Deep thoughts: Cole Hamels will be in his age 34 season when his giant deal ends. Ryan Howard is in his age 32 season as his giant deal starts. See: our Ruben is learning!
Anyway, to make it all official-like — and to show you guys that the official Phillies Twitter has not blocked me — we note:
Ken Rosenthal says that the Phillies standard limited no-trade clause is a 21-team no-trade list in which players pick eight teams where they can go without restriction. I guess it’s semantics, but it’s more of a “trade me here” clause than a “no trade clause.”
Also: the vesting option allows for the Phillies to bring Hamels back at a reduced salary for that seventh year if the benchmarks aren’t met. Of course, depending on what those benchmarks are, if they’re not met, it’s likely a situation in which the team doesn’t require his services any longer to begin with.
Following the Astros’ decisive 4-0 shutout over the Yankees on Saturday night, the team crowned ace Justin Verlander the Most Valuable Player of the American League Championship Series. Hall of Fame outfielder and former MLB manager Frank Robinson handed the award to Verlander, who was beaming as he thanked his teammates and members of the Astros’ organization.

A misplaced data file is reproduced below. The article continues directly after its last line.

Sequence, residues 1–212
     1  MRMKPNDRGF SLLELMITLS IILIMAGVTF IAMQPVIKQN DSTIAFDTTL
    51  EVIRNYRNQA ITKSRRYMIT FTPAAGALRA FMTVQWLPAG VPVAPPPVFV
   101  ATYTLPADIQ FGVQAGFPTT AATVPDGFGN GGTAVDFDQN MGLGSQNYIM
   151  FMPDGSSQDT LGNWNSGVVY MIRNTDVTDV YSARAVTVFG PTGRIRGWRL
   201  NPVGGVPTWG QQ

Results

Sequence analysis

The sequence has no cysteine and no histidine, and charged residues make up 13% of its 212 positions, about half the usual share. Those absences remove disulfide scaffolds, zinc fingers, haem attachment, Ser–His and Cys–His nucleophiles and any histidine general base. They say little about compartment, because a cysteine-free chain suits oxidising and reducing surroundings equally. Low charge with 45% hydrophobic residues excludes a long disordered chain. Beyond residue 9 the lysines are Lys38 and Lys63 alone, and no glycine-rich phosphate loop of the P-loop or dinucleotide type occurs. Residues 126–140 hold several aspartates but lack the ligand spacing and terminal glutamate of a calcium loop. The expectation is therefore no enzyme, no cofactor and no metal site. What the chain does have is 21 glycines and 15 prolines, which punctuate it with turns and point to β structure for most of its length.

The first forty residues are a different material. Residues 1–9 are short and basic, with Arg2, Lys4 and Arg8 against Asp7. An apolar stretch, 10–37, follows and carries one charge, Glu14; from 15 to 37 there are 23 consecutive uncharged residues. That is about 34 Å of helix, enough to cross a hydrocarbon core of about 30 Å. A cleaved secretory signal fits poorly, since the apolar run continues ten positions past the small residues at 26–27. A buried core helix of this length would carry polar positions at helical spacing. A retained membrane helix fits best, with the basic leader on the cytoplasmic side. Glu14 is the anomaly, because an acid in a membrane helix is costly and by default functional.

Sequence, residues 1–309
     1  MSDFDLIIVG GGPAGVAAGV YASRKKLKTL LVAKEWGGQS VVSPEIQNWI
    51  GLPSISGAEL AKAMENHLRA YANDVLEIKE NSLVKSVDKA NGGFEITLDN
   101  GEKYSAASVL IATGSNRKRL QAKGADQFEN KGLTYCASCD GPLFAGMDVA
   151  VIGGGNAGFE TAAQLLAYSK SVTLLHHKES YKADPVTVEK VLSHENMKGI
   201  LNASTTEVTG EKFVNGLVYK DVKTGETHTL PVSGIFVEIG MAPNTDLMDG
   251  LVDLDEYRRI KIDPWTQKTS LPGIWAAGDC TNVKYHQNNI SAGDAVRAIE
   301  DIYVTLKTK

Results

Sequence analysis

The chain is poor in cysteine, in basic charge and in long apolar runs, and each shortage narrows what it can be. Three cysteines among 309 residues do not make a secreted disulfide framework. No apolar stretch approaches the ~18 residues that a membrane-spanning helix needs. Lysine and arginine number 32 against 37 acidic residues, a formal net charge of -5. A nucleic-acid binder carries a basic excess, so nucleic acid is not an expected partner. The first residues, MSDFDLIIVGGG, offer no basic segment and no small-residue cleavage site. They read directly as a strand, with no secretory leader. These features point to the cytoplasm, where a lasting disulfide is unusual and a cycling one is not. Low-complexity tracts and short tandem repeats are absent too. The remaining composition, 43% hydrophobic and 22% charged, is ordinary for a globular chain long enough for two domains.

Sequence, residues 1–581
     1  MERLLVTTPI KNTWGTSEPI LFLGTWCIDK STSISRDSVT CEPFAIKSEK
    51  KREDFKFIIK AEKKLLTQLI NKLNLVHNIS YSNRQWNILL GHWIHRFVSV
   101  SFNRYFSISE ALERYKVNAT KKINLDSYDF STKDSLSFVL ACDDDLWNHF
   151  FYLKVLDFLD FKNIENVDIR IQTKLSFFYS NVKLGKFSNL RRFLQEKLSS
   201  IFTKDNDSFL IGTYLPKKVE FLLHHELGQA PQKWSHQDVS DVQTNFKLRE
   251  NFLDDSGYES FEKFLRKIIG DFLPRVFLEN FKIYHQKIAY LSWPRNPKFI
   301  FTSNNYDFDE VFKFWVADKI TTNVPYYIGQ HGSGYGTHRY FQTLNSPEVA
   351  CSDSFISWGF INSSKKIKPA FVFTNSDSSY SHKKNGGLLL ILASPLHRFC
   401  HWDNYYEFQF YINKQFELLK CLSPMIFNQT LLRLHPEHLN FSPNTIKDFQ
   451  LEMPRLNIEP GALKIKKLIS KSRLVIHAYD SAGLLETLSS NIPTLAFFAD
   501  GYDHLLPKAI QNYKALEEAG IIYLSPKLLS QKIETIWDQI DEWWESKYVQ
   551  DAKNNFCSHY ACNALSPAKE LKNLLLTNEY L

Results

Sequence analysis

“I’ve got to say, it came down to the wire, and one thing kept going off in my head was Dallas,” Verlander told the crowd gathered at Minute Maid Park. “When he called me, he said that I won’t regret my decision to join the Houston Astros. And here we are right now, it’s the best feeling in the world. We’ve got four more wins to win a World Series, and I do not regret my decision to come here. This is the best feeling a player can have. So, thank you.”
Among a cast that boasted the likes of Jose Altuve, Carlos Correa and Dallas Keuchel, among others, Verlander was spectacular. He locked down a complete game win in Game 2, holding the Yankees to one run on five hits and a walk and striking out a postseason-high 13 batters. In Game 6, he saved the Astros from elimination with seven scoreless innings, helping propel the club to their eventual 7-1 finish that set up their series-clinching finale on Saturday.
The 34-year-old righty also took his place among some postseason greats. Thanks to an eight-strikeout outing on Friday night, his collective 136 postseason strikeouts are good for sixth-most in MLB playoff history, just a smidgen shy of Tom Glavine (143), Mike Mussina (145), Roger Clemens (173), Andy Pettitte (183) and John Smoltz (199). He also joined Bob Gibson, Curt Schilling and Sandy Koufax as one of just four hurlers to strike out 20+ Yankees in a postseason series.